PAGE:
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Pagans scribe, p.1
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       Pagan's Scribe, p.1

           Catherine Jinks
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Pagan's Scribe


  ‘Full of the richly-textured, high-smelling, highly individualistic atmosphere of the Middle Ages, Catherine Jinks’s Pagan series offers unforgettable characters in an extraordinary setting and time, presented in crisp, pungent prose.’


  ‘Humour, romance, adventure, violence – who would have thought Medieval Jerusalem could be so much fun?’


  ‘The Pagan Chronicles are a kind ‘ of medieval version of Tin Tin, meticulously researched and told with a delightfully slapstick, cinematographic vigour.’


  ‘What a romp! Not since Don ‘ Quixote took up with Sancho Panza has a knight had a squire like Pagan Kidrouk.’

  Voice of Youth Advocates

  ‘There have been few characters in recent historical fiction more vibrant than the street-smart, fast-talking protagonist of this series.’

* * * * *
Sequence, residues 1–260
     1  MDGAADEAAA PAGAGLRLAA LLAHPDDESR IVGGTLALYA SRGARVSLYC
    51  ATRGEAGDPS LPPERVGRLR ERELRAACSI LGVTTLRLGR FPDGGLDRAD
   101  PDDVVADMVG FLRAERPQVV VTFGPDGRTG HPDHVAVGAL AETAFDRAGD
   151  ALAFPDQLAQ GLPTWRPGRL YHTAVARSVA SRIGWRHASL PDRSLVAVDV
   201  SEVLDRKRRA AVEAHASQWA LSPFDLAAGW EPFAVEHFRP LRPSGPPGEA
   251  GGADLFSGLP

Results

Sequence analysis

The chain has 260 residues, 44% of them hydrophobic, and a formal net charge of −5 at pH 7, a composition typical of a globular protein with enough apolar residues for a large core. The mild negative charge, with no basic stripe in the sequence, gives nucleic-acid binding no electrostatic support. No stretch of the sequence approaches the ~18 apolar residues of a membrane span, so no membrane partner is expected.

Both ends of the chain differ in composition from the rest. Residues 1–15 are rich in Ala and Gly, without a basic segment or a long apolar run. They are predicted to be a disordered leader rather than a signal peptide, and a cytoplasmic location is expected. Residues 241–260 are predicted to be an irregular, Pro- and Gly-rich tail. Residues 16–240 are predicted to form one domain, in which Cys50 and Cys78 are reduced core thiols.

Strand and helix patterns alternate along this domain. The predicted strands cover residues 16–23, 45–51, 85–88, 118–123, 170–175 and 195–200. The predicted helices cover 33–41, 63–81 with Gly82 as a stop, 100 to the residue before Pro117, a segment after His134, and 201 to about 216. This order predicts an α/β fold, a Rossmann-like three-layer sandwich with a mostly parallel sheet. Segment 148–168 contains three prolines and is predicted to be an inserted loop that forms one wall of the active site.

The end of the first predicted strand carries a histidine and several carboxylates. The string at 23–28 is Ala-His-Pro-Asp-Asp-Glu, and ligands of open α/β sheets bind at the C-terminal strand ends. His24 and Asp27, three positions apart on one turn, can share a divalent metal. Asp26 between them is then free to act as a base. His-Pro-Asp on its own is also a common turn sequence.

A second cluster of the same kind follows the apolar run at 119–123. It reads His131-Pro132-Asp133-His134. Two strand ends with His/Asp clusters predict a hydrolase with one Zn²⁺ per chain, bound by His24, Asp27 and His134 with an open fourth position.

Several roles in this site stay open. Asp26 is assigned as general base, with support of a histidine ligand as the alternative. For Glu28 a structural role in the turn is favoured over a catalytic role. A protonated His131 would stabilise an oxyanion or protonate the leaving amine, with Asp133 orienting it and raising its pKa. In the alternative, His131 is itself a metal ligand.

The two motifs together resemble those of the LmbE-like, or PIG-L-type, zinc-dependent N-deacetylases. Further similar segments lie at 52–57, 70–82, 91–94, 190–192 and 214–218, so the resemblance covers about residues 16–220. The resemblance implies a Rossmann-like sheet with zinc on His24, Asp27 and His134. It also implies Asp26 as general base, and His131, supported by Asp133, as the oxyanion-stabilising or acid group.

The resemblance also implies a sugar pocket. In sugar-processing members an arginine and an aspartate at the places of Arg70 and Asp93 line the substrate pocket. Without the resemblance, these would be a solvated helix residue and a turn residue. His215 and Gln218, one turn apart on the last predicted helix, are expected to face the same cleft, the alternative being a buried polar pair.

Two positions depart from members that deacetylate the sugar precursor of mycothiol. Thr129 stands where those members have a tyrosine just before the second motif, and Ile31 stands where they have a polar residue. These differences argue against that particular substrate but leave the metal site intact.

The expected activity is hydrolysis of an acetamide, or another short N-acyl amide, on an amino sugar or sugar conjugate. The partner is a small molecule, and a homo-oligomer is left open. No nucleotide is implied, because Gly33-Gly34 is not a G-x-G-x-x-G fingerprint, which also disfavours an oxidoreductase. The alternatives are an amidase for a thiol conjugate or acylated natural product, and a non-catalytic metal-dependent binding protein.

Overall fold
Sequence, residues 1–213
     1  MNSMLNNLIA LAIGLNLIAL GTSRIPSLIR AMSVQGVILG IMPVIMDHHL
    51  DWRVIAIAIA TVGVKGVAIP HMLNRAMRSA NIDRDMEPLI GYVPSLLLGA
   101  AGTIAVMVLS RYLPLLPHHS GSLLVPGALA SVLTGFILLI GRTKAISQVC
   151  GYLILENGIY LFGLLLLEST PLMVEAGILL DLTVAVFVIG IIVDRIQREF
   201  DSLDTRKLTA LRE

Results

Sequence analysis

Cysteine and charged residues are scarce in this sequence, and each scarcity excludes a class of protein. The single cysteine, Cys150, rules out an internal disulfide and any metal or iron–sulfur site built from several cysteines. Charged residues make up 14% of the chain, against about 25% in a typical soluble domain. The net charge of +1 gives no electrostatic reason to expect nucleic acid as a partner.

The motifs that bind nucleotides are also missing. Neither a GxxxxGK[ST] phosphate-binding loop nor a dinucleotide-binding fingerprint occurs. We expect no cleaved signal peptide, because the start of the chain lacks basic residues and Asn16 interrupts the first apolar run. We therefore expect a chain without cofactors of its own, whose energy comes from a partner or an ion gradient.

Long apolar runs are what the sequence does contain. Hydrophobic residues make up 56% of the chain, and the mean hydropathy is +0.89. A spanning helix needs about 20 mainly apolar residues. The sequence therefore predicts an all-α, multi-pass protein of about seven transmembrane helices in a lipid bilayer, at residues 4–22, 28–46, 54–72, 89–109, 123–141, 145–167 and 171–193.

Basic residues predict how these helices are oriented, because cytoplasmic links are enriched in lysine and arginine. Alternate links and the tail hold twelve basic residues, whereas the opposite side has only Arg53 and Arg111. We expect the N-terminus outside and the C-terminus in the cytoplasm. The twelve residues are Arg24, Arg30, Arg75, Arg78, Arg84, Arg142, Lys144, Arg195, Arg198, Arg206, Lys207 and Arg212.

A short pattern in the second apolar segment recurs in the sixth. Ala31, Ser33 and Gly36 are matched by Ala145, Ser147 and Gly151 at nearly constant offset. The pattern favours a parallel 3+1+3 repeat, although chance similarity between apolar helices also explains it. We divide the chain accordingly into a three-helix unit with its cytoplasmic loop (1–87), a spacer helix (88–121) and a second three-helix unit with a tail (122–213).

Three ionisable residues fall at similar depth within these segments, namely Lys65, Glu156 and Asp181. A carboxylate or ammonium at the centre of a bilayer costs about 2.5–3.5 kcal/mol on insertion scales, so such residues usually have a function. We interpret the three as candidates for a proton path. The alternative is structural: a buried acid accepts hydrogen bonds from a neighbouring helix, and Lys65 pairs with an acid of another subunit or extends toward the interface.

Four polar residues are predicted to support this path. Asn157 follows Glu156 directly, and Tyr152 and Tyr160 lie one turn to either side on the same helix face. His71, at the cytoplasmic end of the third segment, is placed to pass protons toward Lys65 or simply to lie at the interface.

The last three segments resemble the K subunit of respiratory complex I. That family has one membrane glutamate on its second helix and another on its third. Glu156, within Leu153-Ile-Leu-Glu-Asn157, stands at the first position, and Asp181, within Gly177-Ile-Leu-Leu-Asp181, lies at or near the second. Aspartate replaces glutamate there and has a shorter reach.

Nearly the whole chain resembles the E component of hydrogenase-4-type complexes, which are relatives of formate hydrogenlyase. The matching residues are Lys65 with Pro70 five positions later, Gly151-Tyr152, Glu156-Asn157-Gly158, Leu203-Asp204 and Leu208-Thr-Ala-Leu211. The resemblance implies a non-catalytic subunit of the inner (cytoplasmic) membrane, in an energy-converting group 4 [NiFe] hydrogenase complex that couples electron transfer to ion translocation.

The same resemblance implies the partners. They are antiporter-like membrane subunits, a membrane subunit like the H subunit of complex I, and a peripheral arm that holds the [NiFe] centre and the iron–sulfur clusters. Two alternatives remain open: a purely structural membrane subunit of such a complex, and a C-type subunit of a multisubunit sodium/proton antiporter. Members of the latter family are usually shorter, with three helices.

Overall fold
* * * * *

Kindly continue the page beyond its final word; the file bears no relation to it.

School Library Journal

  ‘Rich, vivid storytelling, with a sturdy ‘ base in historical events, and undercurrents both comic and serious.’

  Kirkus Reviews (STARRED REVIEW)

  ‘Jinks dramatically evokes a historical ‘ time that was particularly dark and dirty æ Along with the drama and darkness, readers will find intensity and, yes, humor. Series fans may find other books set in the Middle Ages pallid after this one.’


  ‘Pagan is a real, live boy who leaps off ‘ the page and compels you to listen to his story.’


  ‘Humour? Rage? Agony? Spiritual ‘ journeys? Murder? Moral turpitude? Twists both welcome and dismaying? This decidedly unique historical saga has it all.’

  Kirkus Reviews (STARRED REVIEW)

  ‘Brimming with wit and fascinating ‘ details of medieval history, with its vividly drawn characters æ this emotionally satisfying epic brings the Middle Ages to life.’

  The Horn Book

  CATHERINE JINKS is a scholar of medieval history and a prolific author for teenagers, children and adults. Her books have been published to wide acclaim in Australia and overseas and have won numerous awards. She loves reading, history, films, TV and gossip, and says she could write for eight hours straight every day if she had the chance. Catherine lives in the Blue Mountains of NSW with her husband and daughter.


  Pagan’s Crusade

  (shortlisted CBCA and Victorian Premier’s Literary awards)